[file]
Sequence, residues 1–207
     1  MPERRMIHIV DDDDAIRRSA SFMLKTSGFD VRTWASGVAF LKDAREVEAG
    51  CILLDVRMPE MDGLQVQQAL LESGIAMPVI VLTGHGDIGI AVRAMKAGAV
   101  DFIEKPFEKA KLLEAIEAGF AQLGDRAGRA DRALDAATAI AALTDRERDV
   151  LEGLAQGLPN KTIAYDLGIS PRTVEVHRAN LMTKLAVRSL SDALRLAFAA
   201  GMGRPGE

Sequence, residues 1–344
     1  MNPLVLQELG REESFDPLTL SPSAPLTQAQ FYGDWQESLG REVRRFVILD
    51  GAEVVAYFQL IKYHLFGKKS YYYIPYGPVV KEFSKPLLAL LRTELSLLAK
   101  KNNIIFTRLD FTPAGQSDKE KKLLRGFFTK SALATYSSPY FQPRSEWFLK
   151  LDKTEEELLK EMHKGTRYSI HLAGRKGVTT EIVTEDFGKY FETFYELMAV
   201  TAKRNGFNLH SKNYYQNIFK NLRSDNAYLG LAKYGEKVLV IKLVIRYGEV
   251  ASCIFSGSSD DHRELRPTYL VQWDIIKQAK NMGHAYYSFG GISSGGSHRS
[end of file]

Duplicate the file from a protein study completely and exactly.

Sequence, residues 1–207
     1  MPERRMIHIV DDDDAIRRSA SFMLKTSGFD VRTWASGVAF LKDAREVEAG
    51  CILLDVRMPE MDGLQVQQAL LESGIAMPVI VLTGHGDIGI AVRAMKAGAV
   101  DFIEKPFEKA KLLEAIEAGF AQLGDRAGRA DRALDAATAI AALTDRERDV
   151  LEGLAQGLPN KTIAYDLGIS PRTVEVHRAN LMTKLAVRSL SDALRLAFAA
   201  GMGRPGE

Sequence, residues 1–344
     1  MNPLVLQELG REESFDPLTL SPSAPLTQAQ FYGDWQESLG REVRRFVILD
    51  GAEVVAYFQL IKYHLFGKKS YYYIPYGPVV KEFSKPLLAL LRTELSLLAK
   101  KNNIIFTRLD FTPAGQSDKE KKLLRGFFTK SALATYSSPY FQPRSEWFLK
   151  LDKTEEELLK EMHKGTRYSI HLAGRKGVTT EIVTEDFGKY FETFYELMAV
   201  TAKRNGFNLH SKNYYQNIFK NLRSDNAYLG LAKYGEKVLV IKLVIRYGEV
   251  ASCIFSGSSD DHRELRPTYL VQWDIIKQAK NMGHAYYSFG GISSGGSHRS